New NATO Space Policy Focuses on Space Support, Domain Awareness
WASHINGTON: NATO’s long-awaited space policy calls on allies to voluntarily ensure compatibility among their national space assets, while pledging members to develop collective requirements and the means of fulfilling them — including the use of commercial capabilities,
Released Monday with little fanfare, the policy states that “NATO will identify and, if necessary, develop appropriate mechanisms, based on voluntary participation, to fulfill and sustain requirements for space support in NATO operations, missions and other activities in the above functional areas. Allies’ capabilities, and, if necessary, trusted commercial service providers should be leveraged to meet these requirements in the most secure, efficient, effective and transparent manner.”
It lays out four key roles for NATO in space:
- “Integrating space” into NATO’s core tasks;
- “Serving as a forum for political-military consultations and information sharing” on “threats, challenges, vulnerabilities and opportunities,” as well as the development of “legal” and behavioral norms;
- “Ensuring effective provision of space support and effects to the Alliance’s operations, missions and other activities;
- “Facilitating the development of compatibility and interoperability between Allies’ space services, products and capabilities.”
To that end, the allies have committed to a number of activities across nine “lines of effort” that include: space support; space domain awareness, “deterrence, defense and resilience,” and capability development and interoperability. The allies are also committed to joint training on space issues.
The policy stresses that NATO has no interest in developing its own collective space capabilities or in becoming an “autonomous space actor.” Instead, the 30 members “will undertake to provide, on a voluntary basis and in accordance with national laws, regulations and policies, the space data, products, services or effects that could be required for the Alliance’s operations, missions, and other activities.”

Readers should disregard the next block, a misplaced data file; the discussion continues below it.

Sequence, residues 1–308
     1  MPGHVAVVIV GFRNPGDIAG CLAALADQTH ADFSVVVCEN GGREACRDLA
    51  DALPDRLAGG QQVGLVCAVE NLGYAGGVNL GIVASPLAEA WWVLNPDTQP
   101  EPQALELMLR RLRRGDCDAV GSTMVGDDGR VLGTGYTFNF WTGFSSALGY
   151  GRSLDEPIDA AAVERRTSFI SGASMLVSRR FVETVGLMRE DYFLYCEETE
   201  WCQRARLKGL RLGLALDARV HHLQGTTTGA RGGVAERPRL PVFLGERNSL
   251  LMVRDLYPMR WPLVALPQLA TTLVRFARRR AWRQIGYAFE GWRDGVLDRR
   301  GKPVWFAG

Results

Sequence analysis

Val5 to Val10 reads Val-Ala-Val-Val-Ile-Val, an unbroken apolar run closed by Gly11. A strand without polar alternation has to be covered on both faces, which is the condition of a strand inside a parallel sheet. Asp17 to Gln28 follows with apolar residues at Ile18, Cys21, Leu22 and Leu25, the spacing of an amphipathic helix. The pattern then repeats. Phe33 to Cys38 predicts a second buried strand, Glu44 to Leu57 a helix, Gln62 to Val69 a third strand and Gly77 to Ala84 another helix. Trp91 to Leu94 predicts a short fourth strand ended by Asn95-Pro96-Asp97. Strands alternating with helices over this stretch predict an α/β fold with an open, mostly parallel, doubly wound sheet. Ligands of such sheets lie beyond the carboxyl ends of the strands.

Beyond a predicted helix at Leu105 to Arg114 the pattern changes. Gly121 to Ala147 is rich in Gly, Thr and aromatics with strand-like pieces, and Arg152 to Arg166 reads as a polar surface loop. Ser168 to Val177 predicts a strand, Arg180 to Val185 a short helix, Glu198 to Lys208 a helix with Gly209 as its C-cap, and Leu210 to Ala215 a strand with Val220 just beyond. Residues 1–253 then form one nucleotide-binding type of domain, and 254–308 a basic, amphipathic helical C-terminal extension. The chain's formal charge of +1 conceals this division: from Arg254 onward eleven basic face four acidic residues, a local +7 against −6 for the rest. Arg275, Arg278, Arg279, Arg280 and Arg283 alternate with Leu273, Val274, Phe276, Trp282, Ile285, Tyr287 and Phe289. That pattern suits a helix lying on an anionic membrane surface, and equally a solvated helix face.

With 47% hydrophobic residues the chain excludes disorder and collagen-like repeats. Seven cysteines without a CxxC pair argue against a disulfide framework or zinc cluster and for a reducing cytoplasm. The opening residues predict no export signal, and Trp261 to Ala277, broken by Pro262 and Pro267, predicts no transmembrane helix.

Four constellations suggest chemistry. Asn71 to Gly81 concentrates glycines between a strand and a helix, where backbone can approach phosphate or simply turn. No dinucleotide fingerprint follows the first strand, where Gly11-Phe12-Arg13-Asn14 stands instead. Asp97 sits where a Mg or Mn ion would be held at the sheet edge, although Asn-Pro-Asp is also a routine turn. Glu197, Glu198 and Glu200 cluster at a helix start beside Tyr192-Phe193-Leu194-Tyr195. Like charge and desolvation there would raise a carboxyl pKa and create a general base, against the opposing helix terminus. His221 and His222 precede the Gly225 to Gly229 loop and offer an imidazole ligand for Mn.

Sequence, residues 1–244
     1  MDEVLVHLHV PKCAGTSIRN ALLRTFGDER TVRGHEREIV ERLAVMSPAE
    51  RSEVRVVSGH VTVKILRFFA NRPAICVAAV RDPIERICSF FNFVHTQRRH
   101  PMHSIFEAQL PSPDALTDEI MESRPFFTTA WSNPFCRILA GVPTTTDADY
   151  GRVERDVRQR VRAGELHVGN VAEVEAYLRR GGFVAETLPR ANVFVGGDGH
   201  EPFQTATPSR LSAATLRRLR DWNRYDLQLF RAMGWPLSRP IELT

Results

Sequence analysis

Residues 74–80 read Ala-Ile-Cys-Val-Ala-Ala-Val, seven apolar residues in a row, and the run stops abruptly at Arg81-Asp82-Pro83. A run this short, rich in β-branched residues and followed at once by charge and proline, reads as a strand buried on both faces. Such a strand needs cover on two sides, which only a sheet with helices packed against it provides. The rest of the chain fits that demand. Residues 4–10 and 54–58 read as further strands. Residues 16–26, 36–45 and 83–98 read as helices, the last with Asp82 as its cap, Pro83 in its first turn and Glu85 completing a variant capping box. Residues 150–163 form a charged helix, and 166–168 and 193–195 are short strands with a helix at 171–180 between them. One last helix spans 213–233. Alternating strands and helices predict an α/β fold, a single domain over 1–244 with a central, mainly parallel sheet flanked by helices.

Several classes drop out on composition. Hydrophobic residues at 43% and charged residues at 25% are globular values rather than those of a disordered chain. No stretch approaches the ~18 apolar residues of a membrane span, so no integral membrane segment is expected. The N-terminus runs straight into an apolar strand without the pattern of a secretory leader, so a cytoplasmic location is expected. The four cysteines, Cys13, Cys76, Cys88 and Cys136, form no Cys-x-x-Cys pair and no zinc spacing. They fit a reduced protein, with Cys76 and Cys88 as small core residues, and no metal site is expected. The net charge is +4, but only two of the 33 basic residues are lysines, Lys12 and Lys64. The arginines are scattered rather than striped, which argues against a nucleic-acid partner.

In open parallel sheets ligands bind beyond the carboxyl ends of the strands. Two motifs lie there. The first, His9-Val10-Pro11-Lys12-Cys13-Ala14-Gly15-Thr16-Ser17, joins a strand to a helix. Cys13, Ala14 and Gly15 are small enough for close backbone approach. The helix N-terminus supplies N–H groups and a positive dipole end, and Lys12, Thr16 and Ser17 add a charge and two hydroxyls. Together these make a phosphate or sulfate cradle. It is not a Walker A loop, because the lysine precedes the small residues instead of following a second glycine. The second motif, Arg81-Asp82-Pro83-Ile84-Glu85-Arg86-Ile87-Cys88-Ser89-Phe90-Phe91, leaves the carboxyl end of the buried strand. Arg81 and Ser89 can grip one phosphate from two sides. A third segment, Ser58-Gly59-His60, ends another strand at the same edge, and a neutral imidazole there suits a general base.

The allies consistently have kept space capabilities firmly on sovereign ground, and traditionally often have been reluctant to share information. The fact that it has taken this long to roll out of the public version of the policy — a first framework document was signed in June 2019 — is a testament to the culture of secrecy that has been even more pervasive in Europe than in the US (and that is saying something).
One reason for allied reluctance to engage on military space issues in public is that, with the exception of France and the United Kingdom, many European countries traditionally have been either deeply uncomfortable with, or downright opposed to, the concept of warfighting in space — especially offensive action. Indeed, in an August 2019 speech, NATO Secretary General Jens Stoltenberg found it necessary to declare that NATO’s declaration of space as an allied operational domain was “not about the militarization of space.”
The public policy released today makes no such caveat, but does signal that there remains some cracks between the allies on military uses of space.
For example, the policy explains that the North Atlantic Council — NATO’s decision-making body that at its highest level involves heads of state — will need to approve any options “across the conflict spectrum to deter and defend against threats to or attacks on Allies’ space systems.” It adds that in the meantime, allies “should develop a common understanding of concepts such as the role of space in crisis or conflict.”
European Union countries are holding their own annual high-level space conference next week that will include several sessions on defense-related issues, as well as a keynote by French Defense Minister Florence Parly.
France now holds the rotating office of EU president. At a meeting of EU defense ministers Jan. 12-13, Parly called for the development of a European strategy for space “security and defense” as part of the so-called Strategic Compass effort the 27 EU members launched in 2020 aimed at crafting a stronger, European defense policy independent of the United States — which a number of European leaders now see as an unstable ally. In recent years, Parly’s boss, French President Emmanuel Macron, has taken several potshots at NATO and is viewed in some circles as pushing for the EU to wrest influence away from the alliance.
“The adoption of the ambitious, concrete Strategic Compass is a top priority for the French Presidency of the Council of the EU in terms of defence, and a contribution to the development of European sovereignty,” the French government said in a press release following the defense ministers meeting.